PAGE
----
A golden anniversary that does not glister

July 18, 2013

We should give two cheers, not three, for the 50th anniversary of the Robbins report (“Here’s to class act that challenged tyranny of class in admissions”, Opinion, 11 July).

The report led to a massive expansion of higher education, making access dependent on ability rather than class. But this expansion led to three big mistakes.

First, students’ social status was undermined by the erosion of the value of grants and their eventual replacement with loans. Adequate grants in the 1960s and 1970s meant that most university students were equals, but this is no longer so because of growing dependence on family support.

Second, undergraduate courses were provided primarily in response to the number of applicants rather than economic need. In consequence, many graduates failed to find appropriate jobs. Equality of access to university has not been followed by equality of career opportunities.

Third, in the 1960s all universities were expected to be of similar academic, if not social, standard. Preferential funding has led to the emergence of “Oxbridge” as a divisively elite tier of higher education. Unequal access to the university system has been replaced by unjustifiable inequalities between institutions.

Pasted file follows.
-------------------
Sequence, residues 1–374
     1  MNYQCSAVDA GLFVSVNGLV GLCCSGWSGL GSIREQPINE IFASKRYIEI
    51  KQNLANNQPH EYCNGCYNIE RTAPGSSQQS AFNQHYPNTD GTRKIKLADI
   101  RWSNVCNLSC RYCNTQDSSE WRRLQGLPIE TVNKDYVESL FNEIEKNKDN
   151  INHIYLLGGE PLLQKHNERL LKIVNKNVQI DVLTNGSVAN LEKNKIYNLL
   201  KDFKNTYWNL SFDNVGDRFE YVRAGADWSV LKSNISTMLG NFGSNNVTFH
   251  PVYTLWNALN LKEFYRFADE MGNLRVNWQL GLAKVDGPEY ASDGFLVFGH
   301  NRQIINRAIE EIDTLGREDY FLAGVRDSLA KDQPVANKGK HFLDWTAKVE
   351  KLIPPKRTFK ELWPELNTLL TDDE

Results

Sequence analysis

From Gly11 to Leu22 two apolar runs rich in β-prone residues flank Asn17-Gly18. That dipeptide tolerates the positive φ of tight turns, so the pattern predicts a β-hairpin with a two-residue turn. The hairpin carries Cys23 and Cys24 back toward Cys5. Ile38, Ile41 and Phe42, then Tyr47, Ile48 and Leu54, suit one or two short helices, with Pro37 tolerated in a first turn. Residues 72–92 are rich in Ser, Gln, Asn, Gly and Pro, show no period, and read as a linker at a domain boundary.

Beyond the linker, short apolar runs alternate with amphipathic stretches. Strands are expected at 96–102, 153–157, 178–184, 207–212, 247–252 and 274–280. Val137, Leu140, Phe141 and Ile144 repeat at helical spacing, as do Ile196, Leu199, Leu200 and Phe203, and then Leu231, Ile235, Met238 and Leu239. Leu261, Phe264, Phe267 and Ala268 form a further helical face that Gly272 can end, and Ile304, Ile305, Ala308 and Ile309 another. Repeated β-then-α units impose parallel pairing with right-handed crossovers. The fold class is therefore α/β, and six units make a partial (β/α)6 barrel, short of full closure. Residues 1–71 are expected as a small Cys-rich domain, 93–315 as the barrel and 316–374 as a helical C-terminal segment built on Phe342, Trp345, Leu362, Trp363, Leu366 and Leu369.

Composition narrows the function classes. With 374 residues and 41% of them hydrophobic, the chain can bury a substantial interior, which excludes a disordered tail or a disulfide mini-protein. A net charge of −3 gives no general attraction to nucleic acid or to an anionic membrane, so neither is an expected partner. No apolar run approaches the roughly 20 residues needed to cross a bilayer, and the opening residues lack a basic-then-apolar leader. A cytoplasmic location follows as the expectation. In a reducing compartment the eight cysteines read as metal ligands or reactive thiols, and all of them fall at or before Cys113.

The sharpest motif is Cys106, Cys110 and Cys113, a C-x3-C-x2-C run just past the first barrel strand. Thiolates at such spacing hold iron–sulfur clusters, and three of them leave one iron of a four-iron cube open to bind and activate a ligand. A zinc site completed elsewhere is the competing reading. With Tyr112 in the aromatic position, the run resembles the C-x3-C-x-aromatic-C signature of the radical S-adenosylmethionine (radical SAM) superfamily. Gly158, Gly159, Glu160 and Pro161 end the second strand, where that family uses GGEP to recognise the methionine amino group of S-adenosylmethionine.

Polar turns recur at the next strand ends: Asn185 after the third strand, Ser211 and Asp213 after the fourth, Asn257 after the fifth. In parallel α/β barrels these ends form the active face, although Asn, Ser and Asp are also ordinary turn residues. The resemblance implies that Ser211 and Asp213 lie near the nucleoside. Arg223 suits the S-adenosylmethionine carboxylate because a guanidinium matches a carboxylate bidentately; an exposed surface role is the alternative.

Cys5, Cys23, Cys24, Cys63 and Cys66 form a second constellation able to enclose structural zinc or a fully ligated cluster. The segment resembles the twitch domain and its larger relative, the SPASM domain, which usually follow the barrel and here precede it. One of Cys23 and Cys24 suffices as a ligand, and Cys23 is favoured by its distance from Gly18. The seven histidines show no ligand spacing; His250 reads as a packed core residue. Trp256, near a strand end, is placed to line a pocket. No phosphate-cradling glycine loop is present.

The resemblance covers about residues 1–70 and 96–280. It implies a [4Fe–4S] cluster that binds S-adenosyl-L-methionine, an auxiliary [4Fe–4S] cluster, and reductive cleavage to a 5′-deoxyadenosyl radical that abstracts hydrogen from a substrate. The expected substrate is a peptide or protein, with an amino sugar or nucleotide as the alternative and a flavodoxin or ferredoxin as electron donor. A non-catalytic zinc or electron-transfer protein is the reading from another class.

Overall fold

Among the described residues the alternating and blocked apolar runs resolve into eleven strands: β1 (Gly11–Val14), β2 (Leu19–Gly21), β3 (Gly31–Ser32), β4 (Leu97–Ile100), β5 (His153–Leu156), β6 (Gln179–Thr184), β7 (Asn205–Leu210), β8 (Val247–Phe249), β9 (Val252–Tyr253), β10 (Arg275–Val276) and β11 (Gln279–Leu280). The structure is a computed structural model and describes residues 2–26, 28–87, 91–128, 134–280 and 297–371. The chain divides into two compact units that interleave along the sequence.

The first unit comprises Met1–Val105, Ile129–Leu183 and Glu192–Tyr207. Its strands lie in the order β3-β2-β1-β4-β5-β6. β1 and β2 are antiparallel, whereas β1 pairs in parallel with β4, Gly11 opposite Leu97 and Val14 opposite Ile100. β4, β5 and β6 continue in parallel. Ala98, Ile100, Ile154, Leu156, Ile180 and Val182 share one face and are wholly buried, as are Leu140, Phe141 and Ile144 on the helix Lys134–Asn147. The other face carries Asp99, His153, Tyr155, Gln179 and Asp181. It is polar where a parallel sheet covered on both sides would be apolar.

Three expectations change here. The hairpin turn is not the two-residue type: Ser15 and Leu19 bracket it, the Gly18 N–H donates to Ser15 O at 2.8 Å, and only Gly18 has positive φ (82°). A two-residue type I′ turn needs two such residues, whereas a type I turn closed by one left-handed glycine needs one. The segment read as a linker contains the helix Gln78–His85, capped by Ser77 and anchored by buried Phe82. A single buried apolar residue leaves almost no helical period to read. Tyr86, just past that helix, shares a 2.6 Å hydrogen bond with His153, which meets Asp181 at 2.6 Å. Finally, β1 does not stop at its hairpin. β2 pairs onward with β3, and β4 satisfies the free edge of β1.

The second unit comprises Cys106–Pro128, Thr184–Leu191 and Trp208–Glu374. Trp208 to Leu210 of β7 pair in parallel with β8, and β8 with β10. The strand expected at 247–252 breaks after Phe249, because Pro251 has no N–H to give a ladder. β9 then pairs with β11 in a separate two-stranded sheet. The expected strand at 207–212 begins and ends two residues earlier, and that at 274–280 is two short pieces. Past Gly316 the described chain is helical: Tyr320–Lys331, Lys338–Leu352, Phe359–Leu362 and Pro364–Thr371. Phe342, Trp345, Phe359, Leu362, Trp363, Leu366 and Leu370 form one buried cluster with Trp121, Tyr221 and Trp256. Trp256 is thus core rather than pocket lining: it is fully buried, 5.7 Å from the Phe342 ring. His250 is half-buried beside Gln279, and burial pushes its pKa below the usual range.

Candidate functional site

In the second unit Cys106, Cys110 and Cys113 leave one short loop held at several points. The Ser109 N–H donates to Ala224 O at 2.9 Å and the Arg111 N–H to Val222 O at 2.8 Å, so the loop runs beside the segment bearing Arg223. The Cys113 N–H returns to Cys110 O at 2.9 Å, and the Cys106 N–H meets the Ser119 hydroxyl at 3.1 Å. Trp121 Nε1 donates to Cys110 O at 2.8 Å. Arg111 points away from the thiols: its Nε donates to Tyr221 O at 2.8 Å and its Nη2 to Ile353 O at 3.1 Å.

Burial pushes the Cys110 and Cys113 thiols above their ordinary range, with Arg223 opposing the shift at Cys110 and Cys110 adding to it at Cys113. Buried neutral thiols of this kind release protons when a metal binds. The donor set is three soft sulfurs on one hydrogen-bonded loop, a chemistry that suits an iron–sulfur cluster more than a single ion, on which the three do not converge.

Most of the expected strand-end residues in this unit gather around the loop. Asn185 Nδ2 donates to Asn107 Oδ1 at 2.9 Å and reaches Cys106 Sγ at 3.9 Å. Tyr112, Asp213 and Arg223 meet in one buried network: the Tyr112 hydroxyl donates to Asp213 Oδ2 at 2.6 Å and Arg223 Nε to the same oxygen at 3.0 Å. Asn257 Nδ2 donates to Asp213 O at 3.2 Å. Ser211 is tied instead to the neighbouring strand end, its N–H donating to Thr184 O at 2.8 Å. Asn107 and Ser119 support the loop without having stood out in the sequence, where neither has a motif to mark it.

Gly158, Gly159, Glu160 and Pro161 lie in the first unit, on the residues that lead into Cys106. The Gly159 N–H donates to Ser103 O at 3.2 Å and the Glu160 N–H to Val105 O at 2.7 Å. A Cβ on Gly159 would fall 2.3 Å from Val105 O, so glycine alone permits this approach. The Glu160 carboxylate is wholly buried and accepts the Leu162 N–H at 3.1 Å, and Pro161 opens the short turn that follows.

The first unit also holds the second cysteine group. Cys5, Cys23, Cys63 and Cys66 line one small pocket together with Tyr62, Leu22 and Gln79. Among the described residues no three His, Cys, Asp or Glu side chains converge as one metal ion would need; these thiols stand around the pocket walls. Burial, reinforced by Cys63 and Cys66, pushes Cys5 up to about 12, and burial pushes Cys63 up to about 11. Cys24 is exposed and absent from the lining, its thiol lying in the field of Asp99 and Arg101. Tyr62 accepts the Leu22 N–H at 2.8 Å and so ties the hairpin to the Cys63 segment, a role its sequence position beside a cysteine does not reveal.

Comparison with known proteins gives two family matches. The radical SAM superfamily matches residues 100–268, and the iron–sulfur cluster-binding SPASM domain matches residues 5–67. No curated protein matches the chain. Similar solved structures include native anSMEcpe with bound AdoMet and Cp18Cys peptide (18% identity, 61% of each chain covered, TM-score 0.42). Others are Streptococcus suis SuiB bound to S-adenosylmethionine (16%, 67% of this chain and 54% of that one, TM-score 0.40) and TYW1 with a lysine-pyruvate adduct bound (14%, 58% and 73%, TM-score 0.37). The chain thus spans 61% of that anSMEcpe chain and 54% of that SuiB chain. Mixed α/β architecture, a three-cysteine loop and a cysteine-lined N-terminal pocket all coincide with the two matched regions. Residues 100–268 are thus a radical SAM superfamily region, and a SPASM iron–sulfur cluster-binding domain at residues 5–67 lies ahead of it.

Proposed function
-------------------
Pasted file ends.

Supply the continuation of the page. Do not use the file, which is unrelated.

British universities have thrived in the past 50 years. However, the UK has become a much more unequal society, in marked economic decline relative to other countries. A major initiative such as Robbins needs to be judged by its effects on the nation, not on higher education institutions.

Frederic Stansfield
Canterbury
Kent

You've reached your article limit.

Register to continue

Registration is free and only takes a moment. Once registered you can read a total of 3 articles each month, plus:

  • Sign up for the editor's highlights
  • Receive World University Rankings news first
  • Get job alerts, shortlist jobs and save job searches
  • Participate in reader discussions and post comments
Register

Have your say

Log in or register to post comments

Featured Jobs

Most Commented

Monster behind man at desk

Despite all that’s been done to improve doctoral study, horror stories keep coming. Here three students relate PhD nightmares while two academics advise on how to ensure a successful supervision

Sir Christopher Snowden, former Universities UK president, attacks ratings in wake of Southampton’s bronze award

opinion illustration

Eliminating cheating services, even if it were possible, would do nothing to address students’ and universities’ lack of interest in learning, says Stuart Macdonald

Female professor

New data show proportion of professors who are women has declined at some institutions

celebrate, cheer, tef results

Emilie Murphy calls on those who challenged the teaching excellence framework methodology in the past to stop sharing their university ratings with pride